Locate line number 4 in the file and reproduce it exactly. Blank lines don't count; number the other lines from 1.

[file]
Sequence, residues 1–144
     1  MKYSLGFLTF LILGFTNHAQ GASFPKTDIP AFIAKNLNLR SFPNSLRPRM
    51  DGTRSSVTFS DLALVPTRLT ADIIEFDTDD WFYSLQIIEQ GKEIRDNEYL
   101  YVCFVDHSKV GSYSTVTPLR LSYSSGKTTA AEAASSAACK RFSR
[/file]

   101  YVCFVDHSKV GSYSTVTPLR LSYSSGKTTA AEAASSAACK RFSR